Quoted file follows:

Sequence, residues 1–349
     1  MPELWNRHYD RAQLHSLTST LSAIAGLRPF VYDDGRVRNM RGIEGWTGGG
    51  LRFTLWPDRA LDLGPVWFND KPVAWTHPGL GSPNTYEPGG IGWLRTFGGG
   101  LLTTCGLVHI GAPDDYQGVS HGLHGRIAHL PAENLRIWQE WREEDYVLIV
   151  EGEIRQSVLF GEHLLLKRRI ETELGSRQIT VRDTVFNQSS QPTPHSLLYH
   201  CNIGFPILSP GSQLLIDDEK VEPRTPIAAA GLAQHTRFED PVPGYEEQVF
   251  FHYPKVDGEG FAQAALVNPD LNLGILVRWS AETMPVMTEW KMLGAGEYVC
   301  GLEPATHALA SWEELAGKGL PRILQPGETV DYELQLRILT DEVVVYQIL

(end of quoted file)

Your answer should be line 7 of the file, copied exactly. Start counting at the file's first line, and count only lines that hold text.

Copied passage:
   251  FHYPKVDGEG FAQAALVNPD LNLGILVRWS AETMPVMTEW KMLGAGEYVC